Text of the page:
Roy’s new offering, The Ministry of Utmost Happiness takes us on a journey from the vintage Delhi to shattered Kashmir and back.
The foxtrot dance on words as you would have experienced in Roy’s previous novel, ‘The God of Small Things’ is apparent & beautiful but prepare yourself for utter bloodshed.
The first few chapters weave the story of Anjum who was once known as Aftab. Living up to the exotic persona of the Delhi ‘Hijra’ (a word used in Urdu and other languages to describe trans women and other gender identities), you meet Aftab who later evolved into the exotic transgender creature of Anjum.
I was taken on a joyride experiencing the emotive elements of not only Aftab/Anjum but that of the characters that shaped her existence – some painful and others soothing the wounds that played out in my mind.
Anjum shapes her life in the Khwabgah ‘haveli’ that is called home to a close-knit community of transgender beauties, where their legacy dates back to the ruling kings & queens of India’s royalty. This is also where a princess is raised in the form of Anjum’s daughter.
Neither here nor there, this is the unfortunate life that the transgender community that which Roy exposes us to, apart from the political plays that unravel out in her novel.
The power that lies between your legs
A courtesan’s dance by a ‘Hijra’ is a magical marvel of swirling hips, clapping hands & imposed sexual prowess that brings fear to its intended audience. Traditionally a ‘hijra’ will coerce the patron to give up money in exchange to not exposing their mutilated genitalia, a cultural practice that has lasted centuries.
In India, ritual and religious respect is not given to them; they negotiate and command this respect in order to empower their marginal identities as a parallel society.
‘Hijras’ belong to a special caste and are usually devotees of the mother goddess Bahuchara Mata, Lord Shiva, or both. Some ‘hijras’ undergo an initiation rite into the hijra community called nirwaan, which refers to the removal of the penis, scrotum and testicles.
While a few ‘hijras’ are born intersexed (which is rare), most are men who undergo voluntary castration and penectomy while “possessed” by the Goddess Bahuchara. They consider themselves to be sexually impotent.
All Hail Narendra Modi except for Roy
Roy is unabashedly vocal in the book taking shots at Prime Minister Narendra Modi, who’s other legacy is bathed in the blood of Muslims & Hindu’s – the famed #GujaratRiots – which also added a cloud of abhorrence to Anjum’s soul.
“ . . . the news from Gujarat was horrible. A railway coach had been set on fire by what the newspapers first called ‘miscreants’. Sixty Hindu pilgrims were burned alive. They were on their way home from a trip to Ayodhya where they had carried ceremonial bricks to lay in the foundations of a grand temple they wanted to construct at the site where an old mosque once stood . . . the police arrested hundreds of Muslims – all auxiliary Pakistanis from their point of view – from the area around the railway station under the new terrorism law and threw them into prison.”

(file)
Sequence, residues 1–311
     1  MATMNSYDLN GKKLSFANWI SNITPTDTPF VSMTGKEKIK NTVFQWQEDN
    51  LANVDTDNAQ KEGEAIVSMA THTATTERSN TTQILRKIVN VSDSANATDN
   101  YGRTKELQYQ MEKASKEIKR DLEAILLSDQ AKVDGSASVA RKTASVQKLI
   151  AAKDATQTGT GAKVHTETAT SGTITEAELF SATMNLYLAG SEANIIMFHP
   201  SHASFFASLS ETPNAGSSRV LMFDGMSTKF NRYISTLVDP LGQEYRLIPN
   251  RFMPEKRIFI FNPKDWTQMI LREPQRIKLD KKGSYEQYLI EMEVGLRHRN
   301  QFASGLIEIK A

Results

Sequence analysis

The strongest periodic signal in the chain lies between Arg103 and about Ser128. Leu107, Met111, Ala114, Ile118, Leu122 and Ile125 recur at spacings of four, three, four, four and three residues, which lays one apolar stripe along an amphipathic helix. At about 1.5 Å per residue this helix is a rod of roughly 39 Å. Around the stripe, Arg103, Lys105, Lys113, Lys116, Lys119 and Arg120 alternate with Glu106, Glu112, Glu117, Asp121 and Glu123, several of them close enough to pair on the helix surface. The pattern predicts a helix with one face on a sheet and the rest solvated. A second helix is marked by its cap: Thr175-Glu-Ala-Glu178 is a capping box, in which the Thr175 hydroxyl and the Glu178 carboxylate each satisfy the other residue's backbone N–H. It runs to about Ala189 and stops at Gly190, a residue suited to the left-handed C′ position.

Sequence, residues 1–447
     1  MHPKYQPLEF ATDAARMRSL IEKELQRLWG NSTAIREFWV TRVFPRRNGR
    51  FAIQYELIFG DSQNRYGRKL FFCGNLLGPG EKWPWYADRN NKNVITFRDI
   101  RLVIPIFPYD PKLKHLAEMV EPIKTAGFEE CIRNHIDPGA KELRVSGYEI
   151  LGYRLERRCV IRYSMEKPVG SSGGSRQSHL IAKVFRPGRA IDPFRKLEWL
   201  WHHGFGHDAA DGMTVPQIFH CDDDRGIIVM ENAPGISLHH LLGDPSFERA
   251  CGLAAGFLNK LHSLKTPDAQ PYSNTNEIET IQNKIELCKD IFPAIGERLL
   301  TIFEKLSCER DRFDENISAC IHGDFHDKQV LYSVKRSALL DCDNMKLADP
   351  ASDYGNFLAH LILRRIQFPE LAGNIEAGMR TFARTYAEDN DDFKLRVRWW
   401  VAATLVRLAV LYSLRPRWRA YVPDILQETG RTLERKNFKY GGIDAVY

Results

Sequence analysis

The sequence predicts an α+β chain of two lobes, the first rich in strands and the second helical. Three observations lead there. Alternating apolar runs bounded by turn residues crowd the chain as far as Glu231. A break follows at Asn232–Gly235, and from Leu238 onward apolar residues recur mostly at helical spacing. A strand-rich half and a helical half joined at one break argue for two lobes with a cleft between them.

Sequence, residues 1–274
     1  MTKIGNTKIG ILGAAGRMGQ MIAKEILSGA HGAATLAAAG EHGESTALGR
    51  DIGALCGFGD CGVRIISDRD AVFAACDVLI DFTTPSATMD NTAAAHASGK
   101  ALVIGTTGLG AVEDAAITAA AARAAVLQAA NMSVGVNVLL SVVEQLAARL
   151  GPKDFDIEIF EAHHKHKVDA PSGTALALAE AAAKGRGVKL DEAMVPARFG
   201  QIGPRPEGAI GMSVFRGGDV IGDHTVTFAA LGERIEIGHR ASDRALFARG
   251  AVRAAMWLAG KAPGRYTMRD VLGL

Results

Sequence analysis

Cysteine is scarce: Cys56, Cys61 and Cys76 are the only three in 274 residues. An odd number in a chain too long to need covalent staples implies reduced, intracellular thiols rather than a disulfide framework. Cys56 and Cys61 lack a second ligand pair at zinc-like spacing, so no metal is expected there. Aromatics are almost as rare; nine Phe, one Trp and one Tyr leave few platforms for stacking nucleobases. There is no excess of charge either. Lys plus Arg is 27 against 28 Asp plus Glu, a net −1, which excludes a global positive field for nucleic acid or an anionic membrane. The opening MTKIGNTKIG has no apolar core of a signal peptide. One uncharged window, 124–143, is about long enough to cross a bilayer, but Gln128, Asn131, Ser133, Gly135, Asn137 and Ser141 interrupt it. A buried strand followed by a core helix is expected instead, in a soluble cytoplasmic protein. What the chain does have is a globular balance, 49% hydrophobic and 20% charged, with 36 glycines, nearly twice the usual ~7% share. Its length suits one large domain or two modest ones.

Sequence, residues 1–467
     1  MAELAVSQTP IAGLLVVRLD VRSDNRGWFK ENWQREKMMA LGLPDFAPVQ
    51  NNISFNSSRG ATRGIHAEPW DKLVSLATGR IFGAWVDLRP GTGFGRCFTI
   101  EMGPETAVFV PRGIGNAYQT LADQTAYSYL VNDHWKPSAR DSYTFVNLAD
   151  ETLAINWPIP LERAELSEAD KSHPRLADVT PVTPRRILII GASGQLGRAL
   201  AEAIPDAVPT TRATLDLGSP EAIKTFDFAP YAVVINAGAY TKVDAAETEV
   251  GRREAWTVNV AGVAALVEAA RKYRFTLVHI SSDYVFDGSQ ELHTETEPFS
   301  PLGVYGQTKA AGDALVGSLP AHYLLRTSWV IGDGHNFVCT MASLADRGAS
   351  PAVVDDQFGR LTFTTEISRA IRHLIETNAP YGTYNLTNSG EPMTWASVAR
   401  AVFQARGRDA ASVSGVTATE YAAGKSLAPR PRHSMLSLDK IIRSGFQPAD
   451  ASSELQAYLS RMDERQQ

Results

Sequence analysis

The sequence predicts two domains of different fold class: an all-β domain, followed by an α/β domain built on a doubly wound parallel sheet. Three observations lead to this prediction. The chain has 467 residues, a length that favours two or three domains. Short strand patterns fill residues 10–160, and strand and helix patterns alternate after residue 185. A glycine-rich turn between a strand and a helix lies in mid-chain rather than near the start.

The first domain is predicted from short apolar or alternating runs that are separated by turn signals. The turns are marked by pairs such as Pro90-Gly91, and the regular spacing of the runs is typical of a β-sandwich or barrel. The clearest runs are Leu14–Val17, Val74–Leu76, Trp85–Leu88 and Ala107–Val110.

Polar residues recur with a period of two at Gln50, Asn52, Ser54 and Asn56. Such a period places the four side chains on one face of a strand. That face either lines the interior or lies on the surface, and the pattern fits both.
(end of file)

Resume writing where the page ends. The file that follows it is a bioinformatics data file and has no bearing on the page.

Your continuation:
After Anjum’s return to Delhi, the Khwabgah wasn’t home anymore, I suppose the rape of her soul in Gujarat gave way to her pilgrimage to her new home – a graveyard.
Her new home amongst the dead gave her life again, it gave meaning to the India that she saw it to be – dead. Where birth of new politicking upon injustice made the crime acceptable to some.
The other woman you will encounter is Tilo who seems to be the conscience in some manner of speaking – of Anjum. Tilo reminds me of a powerfully beautiful South African woman I know of the same name.
The character is woven into a love interest with a Kashmiri rebel fighter, the passion is never complete without foreplay of conflict of Jammu and Kashmir.
“To tell a shattered story,” claims Tilo in one of her poems, one should slowly become everything.”
This character is laid bare in the shrouds of Roy’s imaginative mind with very little dialogue. You might find the lack of that in this character to be just too much and you’re allowed to take a break from completing the book straight away.
The Ministry of Utmost Happiness is a fractured novel without a beginning nor an end but you will encounter a fork in the road both take you to the undeniable fact, Roy has given us a literary marvel with the saffron government of India going – “Fuck you Arundhati!”
The Ministry of Utmost Happiness is published by Penguin Random House, June 2017 and available at your nearest book store or online with a recommended retail price starting from R295.00 (ZAR).
Haveli is generic term used for a traditional townhouse or mansion in India, Pakistan, Nepal and Bangladesh, usually one with historical and architectural significance.